Hafiz: Ghazal 37 "Instant Messanger" (From Persian)

Ghazal 37: Instant Messanger 
By Hafiz
Translated by A.Z. Foreman
Click to hear me recite the original Persian

Come! For the great Hope Castle's foundations are unsound. 
   Bring wine, for life is founded on wind and on no ground.
But that man's zeal shall bind me who under heaven's blue wheel  
   Is free of any stain of remaining worldly bound.
Listen to what glad tidings Surōsh1 the angel brought me 
   When I lay in the wineshop last night, drunk on the ground.
Said he: Keen-eyed royal falcon whose perch is the Tree of Life!2  
   Why do you seek your nest in this part of Sorrow Town?
I know not what you're doing here in this lowly snarepit 
   They call you from emypreal battlements. Heed the sound!
I have advice to give you. Pray, practice what I teach. 
   It is my Master's dictum which I learned and hand down. 
Let not this world's grief grieve you. Forget not my advice.
   This subtle point I learned from a traveller of love's round. 
Look not to this ramshackle old world to uphold its word.  
   This aged hag is the bride of suitors from all around.  
Accept what has been given. Learn to unknit your brows.
   For me and you the padlock on free will's door holds sound. 
The sweet smile of the rose has no trace of troth or promise.
   Lament, lover nightingale. Things to lament abound. 
The well-turned word and favor's reception are God's gift.
   O unsound poetasters,
      resent not Hafez' sound!

Notes:

1- The entity known as Surōsh (Avestan Sraosha) has been many things at many times (and must descend from an entity that was worshipped in prehistoric Proto-Indo-Iranian religion, as evidenced by the fact that he has a Sanskrit cognate in the form of the Vedic river-goddess Sarasvatī, but I digress.) In late Zoroastrianism he was associated with death, a type of archangel who took on the stewardship of souls during the three days after decease when the soul is still floating around the body. The Persian articulation of Islam appropriated Surōsh as a guardian angel who keeps the faithful obedient to God's will, and also an angel messenger (in the original sense of Greek ἄγγελος) who bears glad tidings to humans. 

2- The Sidra, here rendered for a variety of connotative reasons as "Tree of Life" is the Lote-tree of Islamic mythology, which is said to stand at the boundary between the celestial and terrestrial realms and is the site from which the Archangel Gabriel is said to have revealed God's message to Muhammad. C.f. Qur'an 53:10-18 below (translation mine) 

Fa-'awħá ilá ˁabdihi mā awħá   Then he revealed to his Servant what he revealed
Mā kaðaba l-fu'ādu mā ra'á   In what it saw, the heart did not deceive
A-fa-tumārunahū ˁalá mā yará   Dare you dispute with him what he did see?
Wa-laqad ra'āhu nazlatan uxrá   And he saw Him once more indeed
ˁInda sidrati l-muntahá   By the upper boundary's Lote-Tree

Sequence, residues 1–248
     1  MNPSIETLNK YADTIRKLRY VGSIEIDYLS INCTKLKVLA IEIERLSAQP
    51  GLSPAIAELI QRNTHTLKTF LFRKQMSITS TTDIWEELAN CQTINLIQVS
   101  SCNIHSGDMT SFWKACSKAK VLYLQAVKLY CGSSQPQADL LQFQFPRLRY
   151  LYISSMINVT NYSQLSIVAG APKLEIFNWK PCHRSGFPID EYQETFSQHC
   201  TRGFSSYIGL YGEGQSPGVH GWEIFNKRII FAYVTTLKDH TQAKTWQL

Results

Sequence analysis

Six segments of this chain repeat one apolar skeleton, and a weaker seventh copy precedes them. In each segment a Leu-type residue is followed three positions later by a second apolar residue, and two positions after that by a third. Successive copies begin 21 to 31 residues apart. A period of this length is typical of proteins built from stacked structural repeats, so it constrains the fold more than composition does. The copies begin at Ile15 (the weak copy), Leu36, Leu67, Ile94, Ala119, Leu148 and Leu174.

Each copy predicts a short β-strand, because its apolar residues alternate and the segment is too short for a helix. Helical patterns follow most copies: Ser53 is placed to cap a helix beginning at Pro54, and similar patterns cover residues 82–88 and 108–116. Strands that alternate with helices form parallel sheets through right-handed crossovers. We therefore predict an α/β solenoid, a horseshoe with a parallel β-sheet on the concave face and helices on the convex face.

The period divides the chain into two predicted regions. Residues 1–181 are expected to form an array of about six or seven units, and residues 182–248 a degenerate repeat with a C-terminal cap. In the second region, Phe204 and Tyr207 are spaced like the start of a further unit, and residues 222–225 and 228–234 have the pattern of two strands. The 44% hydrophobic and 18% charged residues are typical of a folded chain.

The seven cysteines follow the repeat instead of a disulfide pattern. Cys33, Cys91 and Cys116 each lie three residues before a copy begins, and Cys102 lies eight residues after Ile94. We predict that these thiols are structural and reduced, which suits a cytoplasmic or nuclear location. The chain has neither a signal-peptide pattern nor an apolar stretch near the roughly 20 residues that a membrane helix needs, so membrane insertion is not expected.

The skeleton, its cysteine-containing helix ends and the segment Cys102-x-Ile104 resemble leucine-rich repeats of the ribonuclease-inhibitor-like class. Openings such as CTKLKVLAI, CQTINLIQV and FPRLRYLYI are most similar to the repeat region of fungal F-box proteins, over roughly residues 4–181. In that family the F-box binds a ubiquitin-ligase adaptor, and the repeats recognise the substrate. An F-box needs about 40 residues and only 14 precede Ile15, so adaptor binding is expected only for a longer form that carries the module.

ˁIndahā jannatu l-ma'wá   Near the Garden of the Sanctuary
Ið yaɣšá l-sidrata mā yaɣšá   And that which enshrouds shrouded the Lote Tree
Mā zāɣa l-baṣru wa-mā ṭaɣá   His sight strayed not, did not go wrong
Laqad ra'á min 'āyāti rabbihi l-kubrá   He saw one of the signs of his Lord, the greatest

Sidra is also the (etymologically unrelated) word for the undergarment worn by Zoroastrians, considered to be a shield against evil. 

The Original:



بیا که قصر امل سخت سست بنیادست بیار باده که بنیاد عمر بر بادست
غلام همت آنم که زیر چرخ کبود ز هر چه رنگ تعلق پذیرد آزادست
چه گویمت که به میخانه دوش مست و خراب سروش عالم غیبم چه مژده‌ها دادست
که ای بلندنظر شاهباز سدره نشین نشیمن تو نه این کنج محنت آبادست
تو را ز کنگره عرش می‌زنند صفیر ندانمت که در این دامگه چه افتادست
نصیحتی کنمت یاد گیر و در عمل آر که این حدیث ز پیر طریقتم یادست
مجو درستی عهد از جهان سست نهاد که این عجوز عروس هزاردامادست
غم جهان مخور و پند من مبر از یاد که این لطیفه عشقم ز ره روی یادست
رضا به داده بده وز جبین گره بگشای که بر من و تو در اختیار نگشادست
نشان عهد و وفا نیست در تبسم گل بنال بلبل بی دل که جای فریادست
حسد چه می‌بری ای سست نظم بر حافظ
قبول خاطر و لطف سخن خدادادست

2 comments:

  1. I am really enjoying your translations of Hafiz! thank you for sharing this poetry.

    ReplyDelete
  2. I can't comment on the original, but it's beautiful in translation. It reminds me a bit of James Wright's "On Minding One's Own Business":

    "Long may the lovers hide
    In viny shacks from those
    Who thrash among the trees
    Who curse, who have no peace,
    Who pitch and moan all night
    For fear of someone's joys,
    Deploring the human face.

    From prudes and muddying fools,
    Kind Aphrodite, spare
    All hunted criminals,
    Hoboes, and whip-poor-wills,
    And girls with rumpled hair,
    All, all of whom might hide
    Within that darkening shack.
    Lovers may live, and abide."

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